A local bill to make the Loxahatchee Groves Water Control District dependent to the Town of Loxahatchee Groves has passed both houses of the Florida Legislature and awaits Governor Rick Scott’s signature.
Once enacted, the LGWCD will need to hold a referendum for final approval.
“When it comes out of there, we have to write up a referendum vote, which will likely occur sometime this summer,” LGWCD Chair Anita Kane told the Town-Crier on Tuesday. “It has to occur sometime before Oct. 1.”
If the referendum passes, which will be based on a proxy vote by acreage owned rather than a popular election, the Loxahatchee Groves Town Council will replace the five sitting LGWCD board members. The fate of district staff is uncertain.
The district’s primary responsibility is now drainage and canal maintenance, since the district recently turned over all roads to the town, which has a contractual form of government with no permanent staff, like the district.
“The recommendation for staff is something that I would hope they would ask us, but it’s not a requirement,” Kane said.
Writing the referendum question is the next step once Gov. Scott signs H.B. 1093.
Kane said the district will probably get information from Wellington as to the process.
Wellington incorporated through a popular vote referendum in 1995. The newly elected Wellington Village Council took over as supervisors of the Acme Improvement District in 1996.
In that case, however, there was no existing council, and four of the five members elected to the inaugural Wellington Village Council were sitting Acme supervisors.
Kane said it is likely that the governor will sign the bill, a few letters of objection from local residents notwithstanding.
“Everything I’ve heard, there’s no chance of it not going through the governor’s office, especially when there is no money involved,” she said.
Kane said supporters of the bill need to start talking actively to potential voters and get the facts out about the district becoming dependent, and pointed out that a few letters written to the state in opposition were inaccurate in their reference to the district and town losing its water rights.
“I am in possession of those letters sent to Tallahassee in opposition, and all of those letters are not factual,” she said. “There’s no effect on the amount of water we’re allowed to drain from South Florida Water Management District, whether we’re dependent or independent.”
Although Kane supports the district becoming dependent, she feels that the town should accept the transition with a minimum of district staff turnover.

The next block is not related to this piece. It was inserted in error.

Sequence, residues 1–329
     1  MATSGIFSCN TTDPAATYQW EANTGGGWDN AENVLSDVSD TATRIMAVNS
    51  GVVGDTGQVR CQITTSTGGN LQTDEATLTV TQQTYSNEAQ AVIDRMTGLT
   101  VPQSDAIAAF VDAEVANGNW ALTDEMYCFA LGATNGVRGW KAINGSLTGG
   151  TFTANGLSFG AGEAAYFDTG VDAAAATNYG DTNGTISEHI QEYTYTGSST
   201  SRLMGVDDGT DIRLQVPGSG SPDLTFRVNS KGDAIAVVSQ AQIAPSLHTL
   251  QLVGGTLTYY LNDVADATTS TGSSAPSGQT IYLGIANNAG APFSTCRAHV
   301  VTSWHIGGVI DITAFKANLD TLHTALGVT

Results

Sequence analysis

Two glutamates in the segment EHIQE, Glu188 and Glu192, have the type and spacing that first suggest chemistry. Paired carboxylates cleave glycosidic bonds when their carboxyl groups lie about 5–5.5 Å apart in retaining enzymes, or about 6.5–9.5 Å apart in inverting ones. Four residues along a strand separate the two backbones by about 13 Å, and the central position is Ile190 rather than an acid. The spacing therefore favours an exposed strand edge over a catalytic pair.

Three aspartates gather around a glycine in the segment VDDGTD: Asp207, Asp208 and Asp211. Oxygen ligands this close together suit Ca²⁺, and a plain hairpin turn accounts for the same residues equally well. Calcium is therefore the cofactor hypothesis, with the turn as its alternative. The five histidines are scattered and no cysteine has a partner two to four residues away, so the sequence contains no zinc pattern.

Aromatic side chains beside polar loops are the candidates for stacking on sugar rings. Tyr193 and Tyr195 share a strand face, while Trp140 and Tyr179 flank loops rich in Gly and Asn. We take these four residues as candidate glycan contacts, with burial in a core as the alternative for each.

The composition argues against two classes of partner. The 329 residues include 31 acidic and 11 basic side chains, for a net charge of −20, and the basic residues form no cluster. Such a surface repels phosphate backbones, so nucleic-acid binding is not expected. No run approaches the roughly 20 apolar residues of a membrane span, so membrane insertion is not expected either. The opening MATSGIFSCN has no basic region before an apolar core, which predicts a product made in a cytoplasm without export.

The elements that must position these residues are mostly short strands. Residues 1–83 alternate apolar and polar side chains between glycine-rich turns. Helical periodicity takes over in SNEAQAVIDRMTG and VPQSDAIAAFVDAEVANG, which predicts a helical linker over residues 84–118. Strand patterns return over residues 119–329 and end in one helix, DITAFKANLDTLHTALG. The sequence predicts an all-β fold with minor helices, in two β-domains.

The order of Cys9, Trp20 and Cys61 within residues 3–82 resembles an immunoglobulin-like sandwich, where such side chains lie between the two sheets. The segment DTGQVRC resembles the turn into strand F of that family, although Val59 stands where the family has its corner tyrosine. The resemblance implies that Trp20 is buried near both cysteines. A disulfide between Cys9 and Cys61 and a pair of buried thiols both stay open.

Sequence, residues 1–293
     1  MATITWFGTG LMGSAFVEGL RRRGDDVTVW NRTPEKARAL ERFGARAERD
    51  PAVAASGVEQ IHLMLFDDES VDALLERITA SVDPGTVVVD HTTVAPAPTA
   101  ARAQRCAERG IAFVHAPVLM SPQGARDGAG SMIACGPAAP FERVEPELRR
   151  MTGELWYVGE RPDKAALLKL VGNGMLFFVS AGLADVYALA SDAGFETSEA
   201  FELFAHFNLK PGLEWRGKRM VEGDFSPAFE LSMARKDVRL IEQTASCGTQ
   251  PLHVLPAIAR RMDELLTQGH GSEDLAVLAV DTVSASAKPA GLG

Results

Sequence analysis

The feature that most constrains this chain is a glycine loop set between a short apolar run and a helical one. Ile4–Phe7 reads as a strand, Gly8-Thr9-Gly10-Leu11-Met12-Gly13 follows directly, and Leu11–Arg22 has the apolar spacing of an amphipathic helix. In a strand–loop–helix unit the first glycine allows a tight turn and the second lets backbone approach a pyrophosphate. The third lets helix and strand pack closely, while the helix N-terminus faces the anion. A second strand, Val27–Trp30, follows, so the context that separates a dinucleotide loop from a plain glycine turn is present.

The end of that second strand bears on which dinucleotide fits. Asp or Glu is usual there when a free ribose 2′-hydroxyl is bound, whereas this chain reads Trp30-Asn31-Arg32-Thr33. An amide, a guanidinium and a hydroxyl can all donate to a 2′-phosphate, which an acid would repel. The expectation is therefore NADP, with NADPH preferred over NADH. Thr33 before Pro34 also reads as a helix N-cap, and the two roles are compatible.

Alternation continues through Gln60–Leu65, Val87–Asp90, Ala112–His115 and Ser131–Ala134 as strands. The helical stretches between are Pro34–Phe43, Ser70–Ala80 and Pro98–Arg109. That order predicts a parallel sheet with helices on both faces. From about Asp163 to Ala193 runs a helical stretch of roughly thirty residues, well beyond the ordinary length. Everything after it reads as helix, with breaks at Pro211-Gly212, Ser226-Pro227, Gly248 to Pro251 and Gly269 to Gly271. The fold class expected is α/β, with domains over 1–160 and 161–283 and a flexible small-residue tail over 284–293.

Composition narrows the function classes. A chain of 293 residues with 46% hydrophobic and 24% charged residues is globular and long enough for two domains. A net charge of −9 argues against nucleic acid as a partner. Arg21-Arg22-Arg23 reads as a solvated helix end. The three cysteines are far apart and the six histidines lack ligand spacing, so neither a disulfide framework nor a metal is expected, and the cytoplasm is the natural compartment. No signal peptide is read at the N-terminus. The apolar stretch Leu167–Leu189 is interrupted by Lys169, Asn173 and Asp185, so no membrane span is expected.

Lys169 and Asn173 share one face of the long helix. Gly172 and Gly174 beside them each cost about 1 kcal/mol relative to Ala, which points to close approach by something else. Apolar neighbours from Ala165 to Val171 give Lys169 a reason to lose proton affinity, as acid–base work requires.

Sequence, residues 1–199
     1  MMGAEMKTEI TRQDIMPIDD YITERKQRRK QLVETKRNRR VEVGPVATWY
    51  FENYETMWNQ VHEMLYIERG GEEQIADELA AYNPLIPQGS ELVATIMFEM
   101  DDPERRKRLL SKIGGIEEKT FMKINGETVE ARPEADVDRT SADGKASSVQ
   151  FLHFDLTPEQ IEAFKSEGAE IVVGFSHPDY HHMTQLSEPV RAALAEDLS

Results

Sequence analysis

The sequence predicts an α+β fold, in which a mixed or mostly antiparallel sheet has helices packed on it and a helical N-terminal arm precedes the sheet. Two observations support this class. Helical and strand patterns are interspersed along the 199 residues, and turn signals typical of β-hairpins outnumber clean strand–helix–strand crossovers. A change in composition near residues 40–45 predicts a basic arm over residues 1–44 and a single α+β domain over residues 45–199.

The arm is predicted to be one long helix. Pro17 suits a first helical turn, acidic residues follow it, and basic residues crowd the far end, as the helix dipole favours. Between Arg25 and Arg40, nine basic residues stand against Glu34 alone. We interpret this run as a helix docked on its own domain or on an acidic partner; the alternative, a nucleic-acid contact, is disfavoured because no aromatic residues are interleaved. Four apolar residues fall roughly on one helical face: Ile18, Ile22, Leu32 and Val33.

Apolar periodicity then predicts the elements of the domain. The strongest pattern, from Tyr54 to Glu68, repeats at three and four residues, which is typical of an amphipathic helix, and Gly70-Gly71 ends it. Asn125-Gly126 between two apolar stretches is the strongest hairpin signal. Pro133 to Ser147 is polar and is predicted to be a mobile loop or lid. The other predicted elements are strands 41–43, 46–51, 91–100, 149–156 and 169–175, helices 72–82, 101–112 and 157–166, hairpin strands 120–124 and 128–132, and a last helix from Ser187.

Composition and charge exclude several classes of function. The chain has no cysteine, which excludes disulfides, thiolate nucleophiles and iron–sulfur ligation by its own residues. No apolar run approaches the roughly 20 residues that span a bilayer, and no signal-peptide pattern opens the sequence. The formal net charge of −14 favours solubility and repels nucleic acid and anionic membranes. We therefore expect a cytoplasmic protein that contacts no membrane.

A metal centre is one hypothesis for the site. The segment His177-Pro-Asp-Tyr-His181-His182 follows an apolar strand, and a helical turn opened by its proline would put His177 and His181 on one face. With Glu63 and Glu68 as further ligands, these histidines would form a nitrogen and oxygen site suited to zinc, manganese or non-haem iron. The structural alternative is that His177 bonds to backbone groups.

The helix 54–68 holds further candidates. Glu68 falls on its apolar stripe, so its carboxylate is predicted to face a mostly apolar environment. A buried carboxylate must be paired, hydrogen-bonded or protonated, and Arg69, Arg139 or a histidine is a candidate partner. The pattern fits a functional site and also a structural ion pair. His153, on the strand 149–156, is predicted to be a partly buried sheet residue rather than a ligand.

“Although I think Underwood Management is doing a fine job under the circumstances, I don’t think they can handle running the water control district as well,” she said. “I think we need [LGWCD District Administrator] Steve Yohe or someone of his ilk to run the water district, because Bill [Underwood] can’t do all of that. That’s my two cents for anyone who asks me.”
If the referendum is successful, all money and property of the district will go to the town, but the town is still saddled with the responsibility of maintaining roads turned over to the town, which are in bad condition, and the town lacks funding to bring them up to grade.
Kane said the district has faced criticism due to the bad condition of the roads, but pointed out that the lack of maintenance goes back longer than the present board.
“I’ve talked to council members. They said, ‘We got those roads dumped on us in terrible condition.’ There’s no question, the water control district for years did a horrible job maintaining them, but you guys knew for almost a year that you were going to get those roads,” she said. “You asked for them, and you knew we were moving in that direction. We had workshops to make it happen. Why wasn’t something put in place?”
She hopes the town does a better job planning for a takeover of the LGWCD responsibilities.
“I do understand that they’re starting to have that conversation, so I’m happy to hear that,” Kane said.
The proxy vote by acreage that will be used for the dependency referendum will be the same process used to elect four of the five sitting LGWCD supervisors, she said.
Kane said proxy voter turnout has increased in recent years due to recently elected supervisors being more active in garnering votes.
In July 2016, Kane and Supervisor Simon Fernandez won elections by wide margins, defeating 18-year Supervisor Dave DeMarois, now a councilman. Kane won the first round of voting 1,884 to 976 over DeMarois. Fernandez won the second round over DeMarois 1,919 to 941. Kane said prior proxy elections had about 500 proxy votes, with a possible total of about 8,000 proxy votes.
“The point I’m making is getting more people involved is what’s making a change,” she said.